- Iris atrophy
- Neoplasia (cancer)
Asymmetrical pupil size in a dog may also be due miosis, or one pupil contracting rather than one dilating. Anisocoria in such cases could be due to uveitis, Horner's syndrome, retinal infection or hepatic encephalopathy, among other disorders. It is very important to consult the vet to get a proper diagnosis of the underlying cause and appropriate treatment for your dog.
My dog’s pupils are always dilated
If the dog has both pupils dilated and does not see well, it is possible that they are suffering from SARDS (sudden acquired retinal degeneration syndrome). This is a disease that damages the retina and causes the sudden onset of permanent blindness. Bilateral mydriasis, or the enlargement of both pupils, is one of the first symptoms of this condition.
A retinal detachment can also be the cause of sudden blindness in dogs. Both cases will require consultation with a veterinarian specializing in ophthalmology, to assess possible treatment options.
For more information on blindness in dogs, consult this article where we explain how to know if your dog is blind.
My dog has dilated pupils and is shaking
If your dog has dilated pupils and is trembling or shaking, it may be due to one of the following:
Dilated pupils in dogs due to poisoning
Usually, the most common symptoms of poisoning in dogs are seizures and hypersalivation. However, occasionally, dilated pupils can also be causes by poisoning. For example, ivermectin toxicity causes dilated pupils, tremors, lack of coordination, vomiting, and sometimes blindness. Some breeds, such as the Border Collie, are genetically sensitive to this drug. Dog poisoning is considered a veterinary emergency.
Dilated pupils in dogs - psychological reasons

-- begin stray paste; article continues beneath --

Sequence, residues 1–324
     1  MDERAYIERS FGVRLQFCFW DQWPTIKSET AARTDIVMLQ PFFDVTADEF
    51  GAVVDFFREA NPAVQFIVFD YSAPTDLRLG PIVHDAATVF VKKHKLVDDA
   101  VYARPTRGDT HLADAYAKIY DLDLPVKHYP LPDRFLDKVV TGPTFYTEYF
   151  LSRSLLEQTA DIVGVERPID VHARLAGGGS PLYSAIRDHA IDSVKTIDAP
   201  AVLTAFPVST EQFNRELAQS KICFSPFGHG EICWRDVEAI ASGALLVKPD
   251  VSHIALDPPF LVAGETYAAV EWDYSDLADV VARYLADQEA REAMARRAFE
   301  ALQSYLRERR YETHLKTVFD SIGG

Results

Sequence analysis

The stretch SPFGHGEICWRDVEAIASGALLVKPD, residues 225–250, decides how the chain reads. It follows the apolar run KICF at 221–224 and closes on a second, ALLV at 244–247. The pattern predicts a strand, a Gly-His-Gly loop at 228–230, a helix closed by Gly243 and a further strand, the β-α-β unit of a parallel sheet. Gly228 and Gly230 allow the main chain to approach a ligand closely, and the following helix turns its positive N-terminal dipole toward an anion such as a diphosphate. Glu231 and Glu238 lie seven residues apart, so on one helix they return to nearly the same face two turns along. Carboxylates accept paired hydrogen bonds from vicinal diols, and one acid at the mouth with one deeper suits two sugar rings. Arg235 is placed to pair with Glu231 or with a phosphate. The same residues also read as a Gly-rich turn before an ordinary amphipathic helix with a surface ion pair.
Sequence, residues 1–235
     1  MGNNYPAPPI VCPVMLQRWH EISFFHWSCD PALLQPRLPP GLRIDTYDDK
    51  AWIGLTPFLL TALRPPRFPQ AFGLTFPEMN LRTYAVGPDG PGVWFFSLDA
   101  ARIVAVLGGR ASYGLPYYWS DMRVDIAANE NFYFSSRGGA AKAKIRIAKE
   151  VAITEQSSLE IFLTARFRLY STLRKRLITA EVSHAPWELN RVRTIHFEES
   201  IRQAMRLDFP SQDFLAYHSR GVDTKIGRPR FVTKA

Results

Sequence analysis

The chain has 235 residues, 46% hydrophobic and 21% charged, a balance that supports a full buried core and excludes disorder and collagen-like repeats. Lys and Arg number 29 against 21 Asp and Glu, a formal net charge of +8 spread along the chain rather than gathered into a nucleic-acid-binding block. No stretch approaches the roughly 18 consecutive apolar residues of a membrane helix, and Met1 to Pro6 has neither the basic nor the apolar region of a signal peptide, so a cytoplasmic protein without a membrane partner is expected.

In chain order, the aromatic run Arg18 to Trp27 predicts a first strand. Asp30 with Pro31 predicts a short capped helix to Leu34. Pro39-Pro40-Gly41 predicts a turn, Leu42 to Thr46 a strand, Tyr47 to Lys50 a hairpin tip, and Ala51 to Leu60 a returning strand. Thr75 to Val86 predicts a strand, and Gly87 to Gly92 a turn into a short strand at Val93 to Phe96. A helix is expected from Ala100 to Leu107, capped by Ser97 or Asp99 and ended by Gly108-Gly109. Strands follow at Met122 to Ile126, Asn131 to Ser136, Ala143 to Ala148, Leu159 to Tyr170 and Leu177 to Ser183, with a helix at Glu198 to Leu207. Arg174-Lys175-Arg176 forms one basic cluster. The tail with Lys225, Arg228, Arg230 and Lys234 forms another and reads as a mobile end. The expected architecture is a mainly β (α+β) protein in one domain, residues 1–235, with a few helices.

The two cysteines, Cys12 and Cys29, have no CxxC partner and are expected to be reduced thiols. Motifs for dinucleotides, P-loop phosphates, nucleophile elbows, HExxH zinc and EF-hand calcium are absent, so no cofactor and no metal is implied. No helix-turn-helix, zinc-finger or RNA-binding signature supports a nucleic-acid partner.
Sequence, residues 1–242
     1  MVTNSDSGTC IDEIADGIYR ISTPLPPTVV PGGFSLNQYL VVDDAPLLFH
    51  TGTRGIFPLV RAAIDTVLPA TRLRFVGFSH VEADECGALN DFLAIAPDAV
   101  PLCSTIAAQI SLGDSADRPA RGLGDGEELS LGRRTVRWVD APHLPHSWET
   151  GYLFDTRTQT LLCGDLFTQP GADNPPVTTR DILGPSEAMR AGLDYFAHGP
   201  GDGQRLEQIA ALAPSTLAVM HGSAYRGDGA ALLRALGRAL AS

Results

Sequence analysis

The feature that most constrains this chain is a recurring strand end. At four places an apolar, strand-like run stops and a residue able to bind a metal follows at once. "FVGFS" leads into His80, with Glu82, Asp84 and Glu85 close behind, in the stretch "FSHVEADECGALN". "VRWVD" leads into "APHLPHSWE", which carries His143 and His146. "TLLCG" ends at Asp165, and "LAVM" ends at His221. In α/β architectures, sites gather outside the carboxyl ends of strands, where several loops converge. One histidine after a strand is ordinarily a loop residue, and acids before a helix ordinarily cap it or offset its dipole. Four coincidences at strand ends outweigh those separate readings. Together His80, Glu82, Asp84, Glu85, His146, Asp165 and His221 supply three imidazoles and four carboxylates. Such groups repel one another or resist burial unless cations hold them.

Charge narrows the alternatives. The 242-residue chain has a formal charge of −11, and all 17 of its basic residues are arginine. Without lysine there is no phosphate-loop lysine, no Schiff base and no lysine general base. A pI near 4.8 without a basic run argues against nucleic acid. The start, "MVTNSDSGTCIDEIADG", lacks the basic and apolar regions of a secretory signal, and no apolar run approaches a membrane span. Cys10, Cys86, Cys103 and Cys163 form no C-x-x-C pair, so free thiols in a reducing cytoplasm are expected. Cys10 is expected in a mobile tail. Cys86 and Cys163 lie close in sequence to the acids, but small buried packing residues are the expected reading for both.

Other times, dilated pupils do not indicate a psychological problem rather than a physical one. A dog's body language changes when they are suffering from anxiety or stress or experiencing intense fear, and this often includes pupil dilation. A dog experiencing phobia may also shake or tremble, show breathing difficulty, hypersalivation and incontinence among other symptoms.
Another psychological disorder that can cause dilated pupils in dogs along with trembling is obsessive compulsive disorder or OCD. Compulsive behaviors in dogs include constantly chasing their tail, compulsively licking the same place in the body and hallucinatory behaviors. In addition, the dog may present physiological symptoms such as tachycardia, pupil dilation, anorexia or diarrhea.
Before diagnosing a psychological problem in a dog, the veterinarian will rule out physical causes of pupil dilation and other symptoms. Once a psychological diagnosis is confirmed, treatment should be left to canine behavior experts, such ethologists.
This article is purely informative. AnimalWised does not have the authority to prescribe any veterinary treatment or create a diagnosis. We invite you to take your pet to the veterinarian if they are suffering from any condition or pain.
If you want to read similar articles to My Dog Has Dilated Pupils, we recommend you visit our Other health problems category.